Excerpted from Australia Career Guide
Economic and Employment Outlook
Australia is the world’s largest island, with a population of more than 22 million. The country has a strong economy, with an estimated GDP (Gross Domestic Product – a measure of a country’s wealth) of 1.488 trillion USD and a per capita GDP of 43,000 USD. For more than 20 years, Australia’s annual economic growth averaged 3.5 percent. Global economic uncertainties have slowed expected growth for at least the next decade, but Australia’s financial system is strong, unemployment and personal debt are low, and inflation is contained.
Areas of Job Promise
In spite of the generally subdued hiring atmosphere, 45 percent of Australia’s employers report talent shortages, well above the global average of about one-third. Skilled trade vacancies are the hardest to fill, largely because of a lack of available candidates. Positions for engineers are the second-hardest for employers to fill, according to Manpower.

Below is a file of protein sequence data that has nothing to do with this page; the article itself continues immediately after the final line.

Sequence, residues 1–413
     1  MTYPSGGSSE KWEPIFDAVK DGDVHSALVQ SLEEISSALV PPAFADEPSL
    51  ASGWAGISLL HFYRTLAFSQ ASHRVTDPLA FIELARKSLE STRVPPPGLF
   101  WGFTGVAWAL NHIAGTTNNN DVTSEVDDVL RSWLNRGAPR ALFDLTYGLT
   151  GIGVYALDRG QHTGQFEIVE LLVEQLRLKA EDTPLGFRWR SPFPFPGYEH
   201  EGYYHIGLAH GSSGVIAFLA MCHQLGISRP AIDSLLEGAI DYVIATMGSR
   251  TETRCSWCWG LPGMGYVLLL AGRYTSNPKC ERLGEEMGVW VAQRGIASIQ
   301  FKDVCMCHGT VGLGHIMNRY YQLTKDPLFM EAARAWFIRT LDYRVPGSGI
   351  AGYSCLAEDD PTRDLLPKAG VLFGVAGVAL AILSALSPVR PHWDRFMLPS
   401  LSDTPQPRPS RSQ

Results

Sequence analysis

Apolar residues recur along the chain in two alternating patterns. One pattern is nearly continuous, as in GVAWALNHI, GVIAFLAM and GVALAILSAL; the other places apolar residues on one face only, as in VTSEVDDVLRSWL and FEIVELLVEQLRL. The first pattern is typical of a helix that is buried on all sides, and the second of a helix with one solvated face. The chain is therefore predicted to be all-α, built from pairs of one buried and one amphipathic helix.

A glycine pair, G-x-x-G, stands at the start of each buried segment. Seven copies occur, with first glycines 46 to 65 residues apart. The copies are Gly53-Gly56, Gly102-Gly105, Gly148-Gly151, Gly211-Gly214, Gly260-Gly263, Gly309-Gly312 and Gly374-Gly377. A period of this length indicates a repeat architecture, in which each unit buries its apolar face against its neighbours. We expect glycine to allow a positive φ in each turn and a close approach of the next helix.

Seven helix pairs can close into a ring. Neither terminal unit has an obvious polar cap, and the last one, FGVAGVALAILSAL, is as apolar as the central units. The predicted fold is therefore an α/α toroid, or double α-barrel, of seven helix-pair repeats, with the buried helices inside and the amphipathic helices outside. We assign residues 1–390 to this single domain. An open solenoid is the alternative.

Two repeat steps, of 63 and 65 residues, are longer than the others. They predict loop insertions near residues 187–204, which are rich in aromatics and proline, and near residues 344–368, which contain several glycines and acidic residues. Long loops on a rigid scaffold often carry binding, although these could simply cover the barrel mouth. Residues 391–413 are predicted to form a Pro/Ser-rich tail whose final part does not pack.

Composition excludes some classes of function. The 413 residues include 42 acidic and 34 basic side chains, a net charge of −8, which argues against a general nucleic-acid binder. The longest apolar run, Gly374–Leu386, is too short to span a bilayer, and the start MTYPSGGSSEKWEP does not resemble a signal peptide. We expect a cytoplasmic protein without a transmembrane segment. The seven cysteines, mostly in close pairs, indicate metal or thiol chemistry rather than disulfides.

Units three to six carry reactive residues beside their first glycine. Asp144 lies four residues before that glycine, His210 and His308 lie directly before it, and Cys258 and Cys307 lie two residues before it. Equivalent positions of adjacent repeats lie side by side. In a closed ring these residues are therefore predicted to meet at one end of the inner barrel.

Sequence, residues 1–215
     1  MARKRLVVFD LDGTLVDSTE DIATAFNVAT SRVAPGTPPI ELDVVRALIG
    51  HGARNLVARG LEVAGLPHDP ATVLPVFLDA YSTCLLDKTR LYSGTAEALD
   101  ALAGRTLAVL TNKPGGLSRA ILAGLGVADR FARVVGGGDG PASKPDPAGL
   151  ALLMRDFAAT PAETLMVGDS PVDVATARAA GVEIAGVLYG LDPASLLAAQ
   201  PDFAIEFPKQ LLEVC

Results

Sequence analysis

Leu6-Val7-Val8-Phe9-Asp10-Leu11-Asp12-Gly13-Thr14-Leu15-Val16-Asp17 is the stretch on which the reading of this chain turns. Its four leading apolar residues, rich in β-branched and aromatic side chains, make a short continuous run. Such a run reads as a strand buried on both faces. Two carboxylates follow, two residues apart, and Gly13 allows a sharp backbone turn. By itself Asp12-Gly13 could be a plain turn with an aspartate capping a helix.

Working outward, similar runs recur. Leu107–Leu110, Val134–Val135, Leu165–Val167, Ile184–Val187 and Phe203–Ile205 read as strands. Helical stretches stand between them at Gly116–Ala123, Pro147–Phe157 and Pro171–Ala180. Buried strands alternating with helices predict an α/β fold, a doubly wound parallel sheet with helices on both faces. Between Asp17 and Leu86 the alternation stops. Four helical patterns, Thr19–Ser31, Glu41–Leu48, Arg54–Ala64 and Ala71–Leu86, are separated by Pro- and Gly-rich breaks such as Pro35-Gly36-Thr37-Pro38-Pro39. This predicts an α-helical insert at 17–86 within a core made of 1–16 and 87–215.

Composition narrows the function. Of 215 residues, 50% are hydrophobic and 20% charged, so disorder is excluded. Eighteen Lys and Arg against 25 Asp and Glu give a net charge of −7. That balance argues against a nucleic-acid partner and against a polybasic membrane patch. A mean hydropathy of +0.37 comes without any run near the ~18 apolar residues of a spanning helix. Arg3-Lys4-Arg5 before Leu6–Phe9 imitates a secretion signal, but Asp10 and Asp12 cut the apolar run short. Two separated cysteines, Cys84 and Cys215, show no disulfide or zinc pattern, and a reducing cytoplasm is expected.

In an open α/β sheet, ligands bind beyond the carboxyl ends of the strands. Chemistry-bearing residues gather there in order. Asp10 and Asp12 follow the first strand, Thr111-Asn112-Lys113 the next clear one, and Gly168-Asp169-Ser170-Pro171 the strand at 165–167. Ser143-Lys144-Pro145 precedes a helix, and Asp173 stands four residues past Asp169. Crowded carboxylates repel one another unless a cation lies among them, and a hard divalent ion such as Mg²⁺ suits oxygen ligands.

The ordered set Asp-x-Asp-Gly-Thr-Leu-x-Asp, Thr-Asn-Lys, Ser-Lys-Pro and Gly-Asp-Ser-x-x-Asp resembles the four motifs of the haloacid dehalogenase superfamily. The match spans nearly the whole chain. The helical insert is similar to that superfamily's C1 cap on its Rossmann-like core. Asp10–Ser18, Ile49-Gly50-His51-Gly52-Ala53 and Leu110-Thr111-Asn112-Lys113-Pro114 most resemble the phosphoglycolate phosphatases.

The ten hardest positions to fill:
- Skilled trades workers
- Sales representatives
- Accounting and finance staff
- IT staff
- Machine operators
- Doctors and other health professionals
How much a worker earns in Australia depends on many factors, including the industry or organization's workplace agreements, the organization itself and the employee’s skills and experience. However, wage growth has slowed recently, due in part to the slowdown in the country’s resources sector and reduced demand from China.
The minimum wage in Australia is 18.02 AUD per hour (16.88 USD), one of the highest in the world, and more than double that in Japan or the US.
Full-time weekly earnings in Australia average 1,438 AUD (1,347 USD). That was an increase of 3.1 percent over last year. Salaries for permanent workers in Australia are likely to increase only about 1 percent this year, but they will keep pace with inflation.
This is just a short sample of what you’ll find in over 100 pages of information in the complete Australia Guide.